Ms Ncho­choba says that school is also an­other way for girls to es­cape early mar­riage. The young girl she res­cued is en­joy­ing school and would like to con­tinue with her classes un­til she has com­pleted her pri­mary ed­u­ca­tion. she wants to be a nurse when she grows up.

sim­i­lar sto­ries can be heard at khomo Phat­soa Pri­mary school in Ma­suoa­neng vil- lage, which is a few kilo­me­tres from Mote­bong school. es­tab­lished in 2005, the school has, in re­cent years, at­tracted more boys than girls. There are 49 girls and 60 boys at this school, and its foot­ball team is one of the best in the dis­trict.

Un­like in other schools, khomo Pat­soa school is tak­ing mat­ters into its own hands to en­sure there is di­ver­sity in the food the stu­dents are fed. The school has es­tab­lished a veg­etable gar­den and a field where they grow maize, pro­vid­ing more nu­tri­tion for the learn­ers.

“The food we are pro­duc­ing is im­prov­ing our school menu and also help­ing us raise in­come, which we use to buy shoes for chil­dren from poor fam­i­lies,” says Then­jiwe Mhlozana, a teacher at the school. “This area is very cold in win­ter; we would like all the chil­dren to have shoes.”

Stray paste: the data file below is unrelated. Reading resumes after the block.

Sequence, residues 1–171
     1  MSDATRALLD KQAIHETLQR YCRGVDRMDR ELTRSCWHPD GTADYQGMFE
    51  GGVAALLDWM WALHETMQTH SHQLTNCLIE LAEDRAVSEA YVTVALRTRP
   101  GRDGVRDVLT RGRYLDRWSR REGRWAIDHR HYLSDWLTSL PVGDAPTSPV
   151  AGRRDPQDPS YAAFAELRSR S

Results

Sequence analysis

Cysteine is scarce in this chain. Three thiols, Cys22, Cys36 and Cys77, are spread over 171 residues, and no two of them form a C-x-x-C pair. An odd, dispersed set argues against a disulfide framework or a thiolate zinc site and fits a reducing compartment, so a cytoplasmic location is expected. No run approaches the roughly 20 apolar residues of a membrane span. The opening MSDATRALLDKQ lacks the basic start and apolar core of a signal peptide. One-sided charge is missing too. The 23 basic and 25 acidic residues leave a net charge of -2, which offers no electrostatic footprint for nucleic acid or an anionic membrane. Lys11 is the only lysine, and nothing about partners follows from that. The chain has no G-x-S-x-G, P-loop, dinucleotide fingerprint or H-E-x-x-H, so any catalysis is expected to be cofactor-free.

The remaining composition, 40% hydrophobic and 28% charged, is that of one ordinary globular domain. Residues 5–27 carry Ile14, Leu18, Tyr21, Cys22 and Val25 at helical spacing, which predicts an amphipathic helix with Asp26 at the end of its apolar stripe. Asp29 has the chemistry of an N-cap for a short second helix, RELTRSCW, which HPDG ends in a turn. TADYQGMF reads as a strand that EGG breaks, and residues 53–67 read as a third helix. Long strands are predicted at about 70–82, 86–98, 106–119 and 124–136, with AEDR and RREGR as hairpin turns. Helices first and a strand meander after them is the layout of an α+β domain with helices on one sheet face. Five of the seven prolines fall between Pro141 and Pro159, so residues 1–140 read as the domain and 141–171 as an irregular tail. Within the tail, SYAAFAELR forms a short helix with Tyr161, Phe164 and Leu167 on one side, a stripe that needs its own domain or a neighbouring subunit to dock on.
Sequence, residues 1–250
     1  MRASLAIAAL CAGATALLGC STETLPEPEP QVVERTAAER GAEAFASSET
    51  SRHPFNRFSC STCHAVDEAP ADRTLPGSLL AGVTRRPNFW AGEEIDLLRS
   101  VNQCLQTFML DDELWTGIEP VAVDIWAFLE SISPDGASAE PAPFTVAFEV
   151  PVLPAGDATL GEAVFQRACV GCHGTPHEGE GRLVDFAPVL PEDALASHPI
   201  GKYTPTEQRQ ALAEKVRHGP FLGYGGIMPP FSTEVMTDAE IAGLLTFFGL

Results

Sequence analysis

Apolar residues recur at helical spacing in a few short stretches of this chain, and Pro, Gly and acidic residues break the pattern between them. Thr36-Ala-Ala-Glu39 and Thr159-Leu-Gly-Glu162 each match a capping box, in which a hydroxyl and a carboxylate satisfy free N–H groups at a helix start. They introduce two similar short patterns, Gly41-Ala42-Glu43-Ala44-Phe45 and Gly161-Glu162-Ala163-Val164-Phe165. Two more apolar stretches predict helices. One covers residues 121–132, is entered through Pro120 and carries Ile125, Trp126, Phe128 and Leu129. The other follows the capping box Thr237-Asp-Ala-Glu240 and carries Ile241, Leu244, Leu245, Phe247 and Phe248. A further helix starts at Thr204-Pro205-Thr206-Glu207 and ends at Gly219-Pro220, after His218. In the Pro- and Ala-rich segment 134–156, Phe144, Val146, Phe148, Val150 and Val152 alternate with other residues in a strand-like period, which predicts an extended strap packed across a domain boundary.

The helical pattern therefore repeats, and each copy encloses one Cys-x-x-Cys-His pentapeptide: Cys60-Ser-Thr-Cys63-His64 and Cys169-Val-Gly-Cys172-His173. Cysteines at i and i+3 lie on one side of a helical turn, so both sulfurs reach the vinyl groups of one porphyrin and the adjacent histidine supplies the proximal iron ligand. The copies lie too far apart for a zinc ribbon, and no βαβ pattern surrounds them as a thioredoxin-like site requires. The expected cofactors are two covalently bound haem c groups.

On his part, the Dis­trict ad­min­is­tra­tor for Qacha’s Nek, Mo­siuoa Nthakong, said while pro­vid­ing meals in schools is one of the best pro­grammes the coun­try has ever come up with, there is also need to teach chil­dren the im­por­tance of agri­cul­ture.

“It is im­por­tant for chil­dren to re­ceive early learn­ing about the im­por­tance of pro­duc­ing food in or­der for them to take a lead in agri­cul­ture in the fu­ture,” he says. “That way, there can be a com­mon un­der­stand­ing of so­lu­tions that would en­sure that we be­come food se­cure.”

he be­lieves the dis­trict needs in­no­va­tions that can help break chronic food in­se­cu­rity and over-de­pen­dency on neigh­bour­ing south africa.

“It is en­cour­ag­ing that the gov­ern­ment, WFP and other part­ners are giv­ing food sup­port to or­phans and vul­ner­a­ble chil­dren, preg­nant and breast­feed­ing women and the sick,” he says. “how­ever, for us to be at ease, we need dy­namic and determined stake­hold­ers to work with the lo­cal com­mu­ni­ties on so­lu­tions that will erad­i­cate hunger and poverty.” he says ca­pac­ity should be de­vel­oped for com­mu­ni­ties to have the abil­ity to pro­duce food and for the dis­trict to be self-suf­fi­cient.

Stu­dents queue for food at mote­bong Pri­mary School.

Khomo Patšoa School stu­dents work in their school­gar­den. The food is eaten at school and sur­plus sold to buy shoes for stu­dents from un­der­priv­i­leged homes.